Yuma Desalination Plant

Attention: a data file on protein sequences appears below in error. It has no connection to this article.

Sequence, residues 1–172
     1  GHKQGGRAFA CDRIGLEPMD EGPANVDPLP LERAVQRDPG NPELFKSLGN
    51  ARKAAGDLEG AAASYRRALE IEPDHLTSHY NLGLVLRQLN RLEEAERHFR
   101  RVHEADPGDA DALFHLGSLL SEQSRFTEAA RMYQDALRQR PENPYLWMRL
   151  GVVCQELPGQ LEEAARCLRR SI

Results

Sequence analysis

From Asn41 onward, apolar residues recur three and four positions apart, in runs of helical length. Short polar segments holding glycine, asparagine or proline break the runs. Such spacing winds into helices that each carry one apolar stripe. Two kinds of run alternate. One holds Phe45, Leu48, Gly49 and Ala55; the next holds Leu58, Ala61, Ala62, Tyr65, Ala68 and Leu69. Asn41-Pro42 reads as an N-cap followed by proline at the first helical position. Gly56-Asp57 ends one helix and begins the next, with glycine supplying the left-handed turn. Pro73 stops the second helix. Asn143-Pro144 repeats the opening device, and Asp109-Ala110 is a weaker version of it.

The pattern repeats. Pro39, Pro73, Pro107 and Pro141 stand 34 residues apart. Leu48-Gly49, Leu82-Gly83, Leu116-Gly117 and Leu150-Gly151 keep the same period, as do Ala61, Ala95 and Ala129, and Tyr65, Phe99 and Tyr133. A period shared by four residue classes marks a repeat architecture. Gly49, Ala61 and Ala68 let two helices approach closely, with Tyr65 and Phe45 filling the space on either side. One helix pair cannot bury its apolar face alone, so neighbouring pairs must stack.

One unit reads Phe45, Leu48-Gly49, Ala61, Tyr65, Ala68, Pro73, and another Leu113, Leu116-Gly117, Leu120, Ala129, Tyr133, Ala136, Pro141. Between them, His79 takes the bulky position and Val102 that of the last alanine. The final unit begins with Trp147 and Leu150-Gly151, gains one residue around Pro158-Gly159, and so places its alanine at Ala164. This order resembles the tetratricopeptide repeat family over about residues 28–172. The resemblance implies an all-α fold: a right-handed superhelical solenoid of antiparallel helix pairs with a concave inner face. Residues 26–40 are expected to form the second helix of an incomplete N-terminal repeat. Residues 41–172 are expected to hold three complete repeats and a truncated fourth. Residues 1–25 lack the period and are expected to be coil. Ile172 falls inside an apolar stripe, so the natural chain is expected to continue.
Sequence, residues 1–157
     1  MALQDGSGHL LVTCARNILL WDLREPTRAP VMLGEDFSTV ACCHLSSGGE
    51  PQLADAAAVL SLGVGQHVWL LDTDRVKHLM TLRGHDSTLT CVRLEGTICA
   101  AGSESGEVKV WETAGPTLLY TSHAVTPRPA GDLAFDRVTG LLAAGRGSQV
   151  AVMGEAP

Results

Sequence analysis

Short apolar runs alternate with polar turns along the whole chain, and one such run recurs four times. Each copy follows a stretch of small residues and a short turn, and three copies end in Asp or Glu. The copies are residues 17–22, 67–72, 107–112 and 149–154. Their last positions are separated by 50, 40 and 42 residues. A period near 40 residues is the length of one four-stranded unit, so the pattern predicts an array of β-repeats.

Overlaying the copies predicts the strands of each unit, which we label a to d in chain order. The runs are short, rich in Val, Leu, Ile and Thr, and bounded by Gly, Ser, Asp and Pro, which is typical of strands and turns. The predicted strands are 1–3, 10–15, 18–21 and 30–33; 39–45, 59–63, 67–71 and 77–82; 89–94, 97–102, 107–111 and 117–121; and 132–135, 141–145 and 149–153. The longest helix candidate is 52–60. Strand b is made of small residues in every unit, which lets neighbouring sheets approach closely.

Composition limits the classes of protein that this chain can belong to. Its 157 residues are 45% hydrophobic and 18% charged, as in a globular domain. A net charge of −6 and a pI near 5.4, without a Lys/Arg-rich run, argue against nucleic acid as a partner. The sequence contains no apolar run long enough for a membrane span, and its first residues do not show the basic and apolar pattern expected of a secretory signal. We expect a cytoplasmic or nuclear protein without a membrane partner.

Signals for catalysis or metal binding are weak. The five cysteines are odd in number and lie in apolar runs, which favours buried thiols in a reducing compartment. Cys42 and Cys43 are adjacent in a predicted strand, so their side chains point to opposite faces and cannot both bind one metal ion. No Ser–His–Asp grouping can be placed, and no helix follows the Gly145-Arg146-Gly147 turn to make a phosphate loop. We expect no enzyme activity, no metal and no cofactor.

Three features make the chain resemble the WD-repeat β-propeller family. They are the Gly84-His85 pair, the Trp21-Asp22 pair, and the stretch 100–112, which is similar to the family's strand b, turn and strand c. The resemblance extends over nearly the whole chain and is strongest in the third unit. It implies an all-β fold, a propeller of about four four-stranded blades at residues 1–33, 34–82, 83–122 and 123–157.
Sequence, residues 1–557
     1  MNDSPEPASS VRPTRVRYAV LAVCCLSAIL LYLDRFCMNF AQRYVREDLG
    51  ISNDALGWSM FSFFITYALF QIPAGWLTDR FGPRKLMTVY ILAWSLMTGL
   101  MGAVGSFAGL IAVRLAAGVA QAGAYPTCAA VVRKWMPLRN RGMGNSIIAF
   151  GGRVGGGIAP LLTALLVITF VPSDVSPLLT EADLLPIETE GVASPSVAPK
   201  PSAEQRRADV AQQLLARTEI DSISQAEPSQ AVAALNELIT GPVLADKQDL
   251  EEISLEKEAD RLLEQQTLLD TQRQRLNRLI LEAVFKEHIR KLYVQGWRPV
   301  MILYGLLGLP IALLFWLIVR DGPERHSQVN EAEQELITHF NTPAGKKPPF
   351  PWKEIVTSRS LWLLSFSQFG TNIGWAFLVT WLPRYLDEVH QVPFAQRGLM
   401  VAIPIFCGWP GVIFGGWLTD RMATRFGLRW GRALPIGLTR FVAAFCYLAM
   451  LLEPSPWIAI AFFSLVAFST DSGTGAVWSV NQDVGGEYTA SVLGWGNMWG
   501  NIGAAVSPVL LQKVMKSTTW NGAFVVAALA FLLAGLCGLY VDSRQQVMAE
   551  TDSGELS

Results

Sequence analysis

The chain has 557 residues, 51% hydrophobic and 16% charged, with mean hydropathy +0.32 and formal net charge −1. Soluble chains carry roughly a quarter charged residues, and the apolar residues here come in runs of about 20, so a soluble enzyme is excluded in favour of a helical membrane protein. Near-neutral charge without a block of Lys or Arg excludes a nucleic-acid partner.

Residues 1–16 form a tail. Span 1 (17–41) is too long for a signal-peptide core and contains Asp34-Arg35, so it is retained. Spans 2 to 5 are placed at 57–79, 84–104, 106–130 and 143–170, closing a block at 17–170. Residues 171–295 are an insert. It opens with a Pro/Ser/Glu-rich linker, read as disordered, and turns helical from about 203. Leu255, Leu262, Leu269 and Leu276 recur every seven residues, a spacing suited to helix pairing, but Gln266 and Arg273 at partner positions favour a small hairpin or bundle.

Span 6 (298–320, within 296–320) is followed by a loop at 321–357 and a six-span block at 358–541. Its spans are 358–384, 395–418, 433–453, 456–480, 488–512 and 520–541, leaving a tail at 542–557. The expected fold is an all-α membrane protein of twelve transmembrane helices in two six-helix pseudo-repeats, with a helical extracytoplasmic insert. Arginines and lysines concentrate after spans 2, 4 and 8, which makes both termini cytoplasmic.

A desalinization plant, one of the largest in the world, built to take salt out of the Colorado River before it trickles into Mexico. The plant, constructed by the Federal government for $256 million, was promised to Mexico because the river is so salty by the time it crosses the border that Mexican farmers find it dangerous to use on their crops. This was due to salt contamination from throughout the lower Colorado region desert agriculture, but primarily from the intensive agriculture in the arid Welton Mohawk district, east of Yuma, which flushes the salt--the residue from evaporation--out of its fields, directly into the Colorado. The plant, conceived of in the late 1970's, and finished in 1992, operated for only eight months, before laying idle again, due to a number of factors, including flood damage on some of the region's drainage ditches, wet weather naturally diluting the salty water, and the $30 million annual expense of operating the plant.
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